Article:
- Water cooling build in my wife’s computer – Part IX
- Project Absinthe
- Project Absinthe – Part II
- Project Absinthe – Part III
- Project Absinthe – Part IV
- Project Absinthe – Part V
- Project Absinthe – Part VI
- Project Absinthe – Part VII
- Project Absinthe – Part VIII
- Project Absinthe – Part IX
- Project Absinthe – Part X
- Project Absinthe – Part XI
- Project Absinthe – Part XII
- Project Absinthe – Part XIII
- Project Absinthe – Part XIV
- Project Absinthe – Part XV: It’s alive!
- Project Absinthe – Intermission and future plans
- Project Absinthe – Part XVI
- Absinthe – Part XVII
- Absinthe – Part XVIII
- Absinthe – Part XIX: Valentine’s Day
- Absinthe – Part XX
- Distilling another batch of Absinthe
- Distilling Absinthe – Part II
- Distilling Absinthe — Part III
- Another glass of absinthe
- Another glass of absinthe — II
- Adjusting the recipe
- Absinthe to Amethyst
As planned the loop in Absinthe was upgraded to three radiators. To be honest, ahead of this I wasn’t expecting it to work. A 2x120mm radiator plus an RM1000 sitting in the bottom of the Corsair 750D. It works…
The work started this past Friday evening when I flushed the radiator and assembled the fittings onto it.
I used a gallon of water for a straight flush before setting it up into a loop through my water filter for a filtered run to get any leftover. Then my wife and I planned for the next day.
I woke up before my wife on Saturday and took advantage of the time to tear down her computer as far as possible to move onto another table. I just wanted to eliminate as much bulk from the system as I could. I was starting with a full loop and a tower with quite a bit of hardware in it.
And really the problem was simply that it was heavy. I drained the loop as far down as I could first, then started tearing everything apart one piece of copper at a time. Once everything was out, I hooked them up to the spare pump and reservoir for a flush. The radiators were pretty straightforward. The CPU block and GPU setup required a little improvisation.
Then came actually installing the radiators back into the system. Recall from the Absinthe “intermission” article that I said your loop needs to be planned around your radiators. And recall from the start of this article that I wasn’t even entirely sure this would work. I knew from building Beta Orionis that the three radiators would fit into the case. It was the power supply that was the concern. The fact I would need to use extension fittings to get the hardline fittings above the edge of the fans helped convince me this could happen.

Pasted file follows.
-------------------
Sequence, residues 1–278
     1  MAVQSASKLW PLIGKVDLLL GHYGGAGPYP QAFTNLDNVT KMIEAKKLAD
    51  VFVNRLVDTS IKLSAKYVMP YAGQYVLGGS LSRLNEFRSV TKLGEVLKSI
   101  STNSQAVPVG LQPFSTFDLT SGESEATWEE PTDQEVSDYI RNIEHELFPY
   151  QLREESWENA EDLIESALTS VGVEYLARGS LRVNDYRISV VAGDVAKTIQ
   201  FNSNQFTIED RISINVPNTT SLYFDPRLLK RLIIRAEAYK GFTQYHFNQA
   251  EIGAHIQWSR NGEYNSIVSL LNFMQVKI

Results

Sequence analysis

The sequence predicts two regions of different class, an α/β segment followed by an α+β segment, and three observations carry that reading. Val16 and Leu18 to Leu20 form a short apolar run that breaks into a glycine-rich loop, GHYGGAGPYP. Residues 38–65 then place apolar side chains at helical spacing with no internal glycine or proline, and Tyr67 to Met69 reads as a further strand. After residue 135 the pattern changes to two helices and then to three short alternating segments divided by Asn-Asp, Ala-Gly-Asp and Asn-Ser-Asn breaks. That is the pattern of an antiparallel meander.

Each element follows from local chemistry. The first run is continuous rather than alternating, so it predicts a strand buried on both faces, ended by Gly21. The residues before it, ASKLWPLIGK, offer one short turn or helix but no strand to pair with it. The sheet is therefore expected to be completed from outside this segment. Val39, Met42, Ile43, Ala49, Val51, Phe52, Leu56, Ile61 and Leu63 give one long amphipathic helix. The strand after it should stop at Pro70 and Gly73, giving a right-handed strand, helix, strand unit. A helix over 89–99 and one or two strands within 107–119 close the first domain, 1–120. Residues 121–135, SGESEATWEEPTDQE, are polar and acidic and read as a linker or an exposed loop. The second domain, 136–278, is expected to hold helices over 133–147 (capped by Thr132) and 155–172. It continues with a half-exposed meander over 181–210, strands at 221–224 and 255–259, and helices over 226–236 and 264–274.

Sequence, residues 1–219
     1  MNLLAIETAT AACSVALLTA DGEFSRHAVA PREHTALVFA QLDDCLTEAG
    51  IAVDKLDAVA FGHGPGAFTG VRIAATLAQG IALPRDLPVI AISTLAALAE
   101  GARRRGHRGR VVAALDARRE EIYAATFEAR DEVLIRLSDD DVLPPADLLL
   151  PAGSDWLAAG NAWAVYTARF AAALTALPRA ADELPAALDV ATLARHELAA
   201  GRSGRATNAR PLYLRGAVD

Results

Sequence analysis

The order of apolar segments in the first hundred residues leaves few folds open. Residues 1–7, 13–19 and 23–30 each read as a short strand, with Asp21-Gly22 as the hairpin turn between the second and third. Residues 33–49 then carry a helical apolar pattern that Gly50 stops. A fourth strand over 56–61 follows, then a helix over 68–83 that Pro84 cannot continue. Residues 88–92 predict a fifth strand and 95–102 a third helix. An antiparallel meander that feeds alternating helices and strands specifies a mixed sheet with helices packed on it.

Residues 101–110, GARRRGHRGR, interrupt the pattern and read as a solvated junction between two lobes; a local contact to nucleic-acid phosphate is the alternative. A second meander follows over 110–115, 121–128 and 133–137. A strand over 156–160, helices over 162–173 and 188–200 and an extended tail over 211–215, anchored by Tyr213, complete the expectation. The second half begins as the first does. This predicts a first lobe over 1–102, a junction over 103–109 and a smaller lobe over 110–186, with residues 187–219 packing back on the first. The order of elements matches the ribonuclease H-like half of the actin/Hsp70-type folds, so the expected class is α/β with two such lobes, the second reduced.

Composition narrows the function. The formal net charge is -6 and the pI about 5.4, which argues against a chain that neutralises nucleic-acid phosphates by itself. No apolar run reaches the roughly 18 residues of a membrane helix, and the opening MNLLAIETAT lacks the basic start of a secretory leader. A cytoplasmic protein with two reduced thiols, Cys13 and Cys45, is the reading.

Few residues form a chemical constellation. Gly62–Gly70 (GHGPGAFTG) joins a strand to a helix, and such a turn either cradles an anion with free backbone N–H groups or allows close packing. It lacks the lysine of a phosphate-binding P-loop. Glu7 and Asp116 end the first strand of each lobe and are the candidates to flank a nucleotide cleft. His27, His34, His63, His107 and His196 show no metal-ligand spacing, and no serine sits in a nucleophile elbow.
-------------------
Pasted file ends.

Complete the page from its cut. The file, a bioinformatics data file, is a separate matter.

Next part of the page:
But the whether I could get the power cables around everything would determine the success of this idea.
A tight fit, and I knew it would be a tight fit. But it still fits. Talk about a huge sigh of relief. And with that came installing the other radiators and tubing it up. I used this as a chance to completely redo her tubing as well.
Initially I had the pump mounted to the front radiator using the UN Z2 bracket. The route of the fluid would be from pump -> front radiator -> bottom radiator -> graphics cards -> top radiator -> CPU -> reservoir. And what I built would have worked, I just didn’t like how it looked.
Like I said it works. But I didn’t like the fact the pump was just hanging off the radiator, for one. But the front tubing I wanted to keep, but I wasn’t sure if I could mount the pump to the bottom radiator and still preserve that. I left the loop running overnight with distilled water running through it while pondering the next move: fill with coolant or, drain it and change what I didn’t like.
I ultimately decided to change the loop. It didn’t require completely rebuilding it, thankfully, only pulling down the connection from the CPU to the reservoir and from the pump to the front radiator. I also had to change how the pump and reservoir were connected to ensure there would be clearance for what I had planned.
But the pump fit the way I hoped it would. And I used a Swiftech SLI fitting to go from the reservoir to pump, which easily puts it higher than the 90-degree rotary fitting that would go from the pump to the front radiator, much the same how I have it in Beta Orionis.
Two 15mm extension fittings plus the 90-degree rotary fitting made the connection from the CPU to the reservoir.
And I think the new loop looks much cleaner than the previous. The tube that crosses around in front is a much lower profile than what I initially had in Absinthe.
Overall I’m quite pleased with how it turned out. I was able to pull a couple 90-degree fittings from the loop, though I did add in two 15mm extensions. That dual 45-degree setup was split up and one 45-degree fitting created a much cleaner run from the GPUs to the top radiator, while the other made for an easy run from the bottom radiator to the GPUs.
And now for the overall loop (plus the mandatory cat tax):
That’s Beta Orionis in the background hooked up to the “heart lung machine”. So with it all connected up, the only thing left to do was another distilled water leak test.
While it was leak testing, I worked on finishing the cabling. Ultimately it wouldn’t be done till I could connect the pump to the power supply after it was filled with (fresh) coolant and ready to boot.
And with that, my wife has her system back.
But work isn’t quite done. I have a fan mounting bracket on way from Mountain Mods to show later this week, along with a DEMCiflex filter kit for the 750D. So more updates to come.